Seven journalists and media outlets have been attacked in Mexico in the past few days, with officials or people linked to politicians possibly involved in three of the incidents, the Foundation for Freedom of Expression, or Fundalex, said.

The killing of Rene Orta Salgado, a former El Sol de Cuernavaca reporter whose body was found Sunday, is among the most serious incidents.

Gerardo Ponce de Leon, editor of the Marquesina Politica Web site, was threatened and beaten with a pipe by two men at his office on May 10.

Gunmen opened fire on May 7 on the offices of the Hora Cero newspaper in Reynosa, a city in the northeastern state of Tamaulipas, while the offices of Megaradio Guadalajara were attacked on May 10 and the Nuevo Laredo daily El Mañana was attacked on May 11, the Fundalex said.

"It is not healthy for anyone in Mexico to have a rise in attacks of an authoritarian nature designed to silence freedom of expression and restrict Mexicans' right to information," the press rights group said in a statement.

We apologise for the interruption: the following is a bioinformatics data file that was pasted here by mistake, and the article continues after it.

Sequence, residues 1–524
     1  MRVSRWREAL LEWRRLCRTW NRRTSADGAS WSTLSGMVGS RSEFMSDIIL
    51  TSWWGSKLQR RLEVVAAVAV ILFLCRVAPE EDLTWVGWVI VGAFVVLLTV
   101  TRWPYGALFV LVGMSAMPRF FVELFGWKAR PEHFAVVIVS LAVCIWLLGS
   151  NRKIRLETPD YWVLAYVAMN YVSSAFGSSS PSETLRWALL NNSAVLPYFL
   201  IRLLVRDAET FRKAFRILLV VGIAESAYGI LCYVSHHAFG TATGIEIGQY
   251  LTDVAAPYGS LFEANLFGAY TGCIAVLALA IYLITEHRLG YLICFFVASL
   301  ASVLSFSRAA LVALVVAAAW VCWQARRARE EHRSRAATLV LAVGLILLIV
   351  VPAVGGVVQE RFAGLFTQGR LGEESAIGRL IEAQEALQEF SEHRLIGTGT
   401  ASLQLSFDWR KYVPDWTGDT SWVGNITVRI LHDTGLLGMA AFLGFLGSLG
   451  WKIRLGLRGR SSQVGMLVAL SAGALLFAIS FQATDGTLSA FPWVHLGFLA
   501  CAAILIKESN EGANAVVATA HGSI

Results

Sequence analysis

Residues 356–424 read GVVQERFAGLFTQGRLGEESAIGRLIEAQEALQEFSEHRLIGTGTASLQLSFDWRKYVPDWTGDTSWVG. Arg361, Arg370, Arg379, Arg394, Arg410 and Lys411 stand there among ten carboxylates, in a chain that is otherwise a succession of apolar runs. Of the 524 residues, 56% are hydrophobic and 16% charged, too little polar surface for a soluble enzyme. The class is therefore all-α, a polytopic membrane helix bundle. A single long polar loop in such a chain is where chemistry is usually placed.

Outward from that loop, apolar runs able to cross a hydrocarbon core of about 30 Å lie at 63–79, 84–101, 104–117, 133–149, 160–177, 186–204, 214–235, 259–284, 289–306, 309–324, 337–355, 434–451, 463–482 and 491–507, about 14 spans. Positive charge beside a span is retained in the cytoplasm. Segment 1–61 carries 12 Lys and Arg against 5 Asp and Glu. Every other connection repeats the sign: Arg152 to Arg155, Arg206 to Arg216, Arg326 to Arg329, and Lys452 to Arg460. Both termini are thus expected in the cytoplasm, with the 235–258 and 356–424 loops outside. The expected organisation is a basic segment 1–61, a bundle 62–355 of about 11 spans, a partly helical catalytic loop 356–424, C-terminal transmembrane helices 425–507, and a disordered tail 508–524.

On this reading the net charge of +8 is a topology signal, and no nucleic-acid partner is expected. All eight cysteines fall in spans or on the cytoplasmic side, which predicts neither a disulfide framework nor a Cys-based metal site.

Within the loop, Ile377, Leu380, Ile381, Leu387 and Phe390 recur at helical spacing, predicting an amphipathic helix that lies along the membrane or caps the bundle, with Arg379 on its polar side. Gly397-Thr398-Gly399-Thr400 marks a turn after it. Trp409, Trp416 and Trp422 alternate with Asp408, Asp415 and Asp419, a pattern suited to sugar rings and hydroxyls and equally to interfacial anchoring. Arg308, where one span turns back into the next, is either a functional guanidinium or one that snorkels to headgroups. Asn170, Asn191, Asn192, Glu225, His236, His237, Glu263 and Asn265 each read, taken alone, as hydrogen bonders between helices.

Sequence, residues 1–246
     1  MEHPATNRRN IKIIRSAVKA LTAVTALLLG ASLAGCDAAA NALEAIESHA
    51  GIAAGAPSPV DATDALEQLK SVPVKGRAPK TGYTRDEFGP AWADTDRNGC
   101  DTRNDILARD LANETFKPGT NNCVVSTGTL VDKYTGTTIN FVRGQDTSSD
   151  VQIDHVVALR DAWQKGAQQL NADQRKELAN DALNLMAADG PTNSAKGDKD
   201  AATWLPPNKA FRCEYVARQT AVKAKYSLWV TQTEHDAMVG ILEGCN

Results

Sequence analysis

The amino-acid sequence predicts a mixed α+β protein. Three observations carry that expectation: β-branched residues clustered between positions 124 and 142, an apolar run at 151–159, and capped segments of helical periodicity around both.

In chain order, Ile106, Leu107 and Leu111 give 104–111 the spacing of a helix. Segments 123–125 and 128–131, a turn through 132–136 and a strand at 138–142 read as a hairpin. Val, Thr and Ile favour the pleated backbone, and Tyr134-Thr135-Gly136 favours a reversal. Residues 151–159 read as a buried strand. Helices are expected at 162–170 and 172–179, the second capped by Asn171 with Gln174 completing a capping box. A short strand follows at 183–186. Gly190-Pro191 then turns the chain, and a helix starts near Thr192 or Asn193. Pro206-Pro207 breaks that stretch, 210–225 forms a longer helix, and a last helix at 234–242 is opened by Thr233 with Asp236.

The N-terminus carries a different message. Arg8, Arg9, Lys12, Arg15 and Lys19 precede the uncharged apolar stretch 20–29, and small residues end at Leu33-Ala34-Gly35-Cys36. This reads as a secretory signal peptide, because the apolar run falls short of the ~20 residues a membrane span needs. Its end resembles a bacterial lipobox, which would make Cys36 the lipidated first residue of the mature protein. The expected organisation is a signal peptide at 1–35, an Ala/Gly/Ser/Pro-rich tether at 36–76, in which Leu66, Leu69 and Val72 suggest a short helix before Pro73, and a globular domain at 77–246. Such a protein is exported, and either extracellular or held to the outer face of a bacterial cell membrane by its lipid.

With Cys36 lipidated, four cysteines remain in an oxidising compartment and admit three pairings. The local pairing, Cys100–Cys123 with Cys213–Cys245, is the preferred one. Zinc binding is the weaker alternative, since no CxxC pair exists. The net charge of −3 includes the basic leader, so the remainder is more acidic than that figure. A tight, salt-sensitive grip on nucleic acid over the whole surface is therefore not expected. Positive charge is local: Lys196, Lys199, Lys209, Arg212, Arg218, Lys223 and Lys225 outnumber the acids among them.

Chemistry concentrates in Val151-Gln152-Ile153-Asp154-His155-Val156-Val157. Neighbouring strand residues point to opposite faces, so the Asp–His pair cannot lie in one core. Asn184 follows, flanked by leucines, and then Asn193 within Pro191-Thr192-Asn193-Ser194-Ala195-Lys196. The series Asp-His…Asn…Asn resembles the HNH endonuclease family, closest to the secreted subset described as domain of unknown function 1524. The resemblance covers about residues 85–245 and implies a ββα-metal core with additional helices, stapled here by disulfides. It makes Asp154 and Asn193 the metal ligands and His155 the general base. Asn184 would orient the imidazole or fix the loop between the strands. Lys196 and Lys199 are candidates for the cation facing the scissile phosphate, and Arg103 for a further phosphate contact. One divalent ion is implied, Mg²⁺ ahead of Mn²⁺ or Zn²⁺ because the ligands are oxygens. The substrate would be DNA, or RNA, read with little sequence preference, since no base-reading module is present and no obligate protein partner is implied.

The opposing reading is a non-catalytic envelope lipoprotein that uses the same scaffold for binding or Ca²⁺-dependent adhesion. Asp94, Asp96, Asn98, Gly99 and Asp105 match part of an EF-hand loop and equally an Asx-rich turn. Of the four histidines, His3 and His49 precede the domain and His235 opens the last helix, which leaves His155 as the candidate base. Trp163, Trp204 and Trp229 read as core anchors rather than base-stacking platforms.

State legislatures should approve the reforms to Article 73 of the constitution requiring federal officials to prosecute crimes against journalists and media outlets, as well as Article 71, which opens the way for the Law to Protect Defenders of Human Rights and Journalists, the Fundalex said.

Public servants or people linked to politicians may have been involved in two of the recent attacks, while a mayor is presumed to have played a role in another attack, the press rights group said.

"The Fundalex considers it regrettable that subjects close to or under the orders of those who are responsible for the promotion, dissemination, protection and defense of society's right to freedom of expression and right to information might be involved in these attacks," the non-governmental organization said.

"Due to the situation created by the attacks on journalists," a weekly tally of attacks on the press in Mexico will now be kept, the press rights group said.

Four United Nations and Inter-American Commission on Human Rights, or IACHR, rapporteurs urged the Mexican government Monday to quickly enact the Law to Protect Defenders of Human Rights and Journalists.

"We need to break the cycle of impunity in Mexico, which is becoming an increasingly more violent place for journalists," U.N. rapporteur on freedom of expression and opinion Frank La Rue said.

Mexico, where nearly 80 journalists have been murdered and several others have disappeared since 2000, is considered the world's second most dangerous country for members of the media.